Go to the Globe and Mail homepage

Jump to main navigationJump to main content

British environmentalists are hoping there will be some magic in that old silk hat they found. (OLIVIA HARRIS/REUTERS)
British environmentalists are hoping there will be some magic in that old silk hat they found. (OLIVIA HARRIS/REUTERS)

Britons advised to build an army of snowmen for a 'balanced thaw' Add to ...

Britain is used to defending itself against invading marauders. So when the call went out this week to fortify the nation once again to fend off a looming threat, the country seemed a bit surprised at the choice of weapon: snowmen.

Yes, snowmen. The rounder, the larger – the better. At least that was the advice given by Ron Stokes, a spokesman for the Environment Agency when he was asked how to best cope with rapidly melting snow expected this weekend as temperatures rise. “Ideally, if everybody built themselves a snowman that will slow the thaw down a bit,” Mr. Stokes told a regional BBC radio station Wednesday. “If you notice, when people clear their drive the snow thaws away but the compacted piles stay, which will give a balanced thaw, which would be helpful.”

More Related to this Story

After a barrage of phone calls and a host of gleeful media reports suggesting Britons assemble an army of snowpeople, the agency tried to clarify the advice. “How can I put it,” one beleaguered official said. “Basically, what we’re saying is that building a few snowmen is not going to stop our properties from flooding here in the U.K. But there is some science and logic behind the idea that when you compact snow – like building a snowman or driving over it in a car park for example – it does melt at a slower rate.”

It has been that kind of January in Britain, and parts of Europe, with snow and cold weather turning a normally level-headed people into frightened masses facing threats from all kinds of evil such as “snow bombs,” “snow monsters” and the “beast from the East.”

“A potential Snow Monster approaches!” forecasters at the British Weather Services, a weather consulting firm, warned this week in a bulletin that called for 10 centimetres of snow in parts of Britain by Friday. The dire warning came with a picture of a wild-looking creature and the caption: “Don’t get caught out by the Snow Monster.” Other forecasters called the coming storm a “snow bomb” and predicted temperatures in some regions could fall as low as -20 C.

Britain’s official weather service, The Meteorological Office, is now warning that a sudden jump in temperatures on the weekend, to around 10, could lead to flooding.

To be sure the nasty weather this month has taken a toll. Roughly 1,000 flights have been cancelled at Heathrow Airport this week and 5,000 schools closed. Economists have expressed fears the bad weather has slowed down retail sales, construction activity and travel so much that Britain’s already struggling economy could be further weakened. And it’s just as bad in other parts of Europe. The same weather has hit France, slashing airport traffic, delaying trains and cutting power to thousands of homes. Moscow has been facing freezing temperatures as well.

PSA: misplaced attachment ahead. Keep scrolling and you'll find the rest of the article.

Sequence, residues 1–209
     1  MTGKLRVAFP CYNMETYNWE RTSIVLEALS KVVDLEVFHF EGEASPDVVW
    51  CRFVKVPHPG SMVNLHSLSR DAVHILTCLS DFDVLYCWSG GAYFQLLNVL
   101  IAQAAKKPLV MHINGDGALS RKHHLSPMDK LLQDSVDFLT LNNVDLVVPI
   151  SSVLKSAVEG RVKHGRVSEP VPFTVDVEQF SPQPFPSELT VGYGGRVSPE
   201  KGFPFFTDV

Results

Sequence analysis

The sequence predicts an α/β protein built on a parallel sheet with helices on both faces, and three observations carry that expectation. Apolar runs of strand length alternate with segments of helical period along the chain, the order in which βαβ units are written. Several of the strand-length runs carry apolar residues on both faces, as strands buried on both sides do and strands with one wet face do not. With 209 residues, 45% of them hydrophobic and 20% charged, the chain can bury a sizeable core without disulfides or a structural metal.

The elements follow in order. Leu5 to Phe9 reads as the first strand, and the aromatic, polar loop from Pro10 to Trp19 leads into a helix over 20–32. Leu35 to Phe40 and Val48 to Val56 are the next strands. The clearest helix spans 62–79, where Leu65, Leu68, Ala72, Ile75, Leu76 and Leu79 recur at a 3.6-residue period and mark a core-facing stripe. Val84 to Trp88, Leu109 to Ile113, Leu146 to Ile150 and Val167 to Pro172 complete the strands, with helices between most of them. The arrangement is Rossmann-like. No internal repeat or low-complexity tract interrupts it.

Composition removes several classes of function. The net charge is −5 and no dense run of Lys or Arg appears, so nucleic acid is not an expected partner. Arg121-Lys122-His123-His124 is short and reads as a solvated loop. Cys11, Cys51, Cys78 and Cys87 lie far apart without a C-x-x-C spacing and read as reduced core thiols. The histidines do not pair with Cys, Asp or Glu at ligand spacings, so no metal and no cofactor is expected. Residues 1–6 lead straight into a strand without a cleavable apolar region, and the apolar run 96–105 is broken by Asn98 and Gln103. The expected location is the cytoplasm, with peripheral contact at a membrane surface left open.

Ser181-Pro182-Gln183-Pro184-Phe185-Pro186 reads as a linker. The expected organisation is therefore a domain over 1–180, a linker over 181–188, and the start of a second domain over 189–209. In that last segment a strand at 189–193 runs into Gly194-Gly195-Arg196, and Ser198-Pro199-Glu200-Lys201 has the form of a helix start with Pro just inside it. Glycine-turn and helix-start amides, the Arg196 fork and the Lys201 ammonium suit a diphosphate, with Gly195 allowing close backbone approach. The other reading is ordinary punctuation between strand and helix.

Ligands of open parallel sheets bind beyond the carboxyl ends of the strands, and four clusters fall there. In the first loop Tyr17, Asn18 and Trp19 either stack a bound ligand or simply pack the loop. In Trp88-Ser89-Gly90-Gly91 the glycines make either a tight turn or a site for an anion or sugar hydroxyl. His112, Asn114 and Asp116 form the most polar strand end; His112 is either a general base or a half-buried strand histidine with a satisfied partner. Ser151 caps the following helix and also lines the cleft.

Some say the fretting has gone too far in Britain and that people are becoming a tad wimpy, especially when it comes to closing schools because of snow. Many parents have complained that schools in their area closed far too quickly given that most businesses remained open. And there have been suggestions principals are acting out of fear that if their school remained open and some students didn’t show up, it could affect the school’s attendance record, which is used in national rankings. The National Association of Head Teachers vigorously denied that, saying principals are only acting in the best interests of student safety. But some politicians have taken up the call for schools to rethink winter closures.

“We cannot have schools closing unnecessarily,” Graham Stuart, a Conservative MP and chair of the House of Commons education committee, told the BBC. “A bit of snow in this country and we think ‘Ah, disruption must come.’ Well, perhaps it shouldn’t come and we need to do more to resist it.”

Heathrow Airport has also come under fire for not being better prepared and cutting the number of flights when the snow was forecast. The airport has spent about $60-million on snow equipment in the past couple of years, but still left thousands of passengers stranded this week. Airport officials said they did their best to clear runways and work with airlines on flight schedules.

There are those who have put the wintery weather to a good purpose. A group in Harrogate, Yorkshire, built an igloo in a local park and put it up for sale on eBay, describing it as “a smartly appointed, ground-floor, stand-alone studio apartment.” So far, the bidding is at $900 and the proceeds will go to cancer research.

In the know

Most popular videos »

Highlights

More from The Globe and Mail

Most popular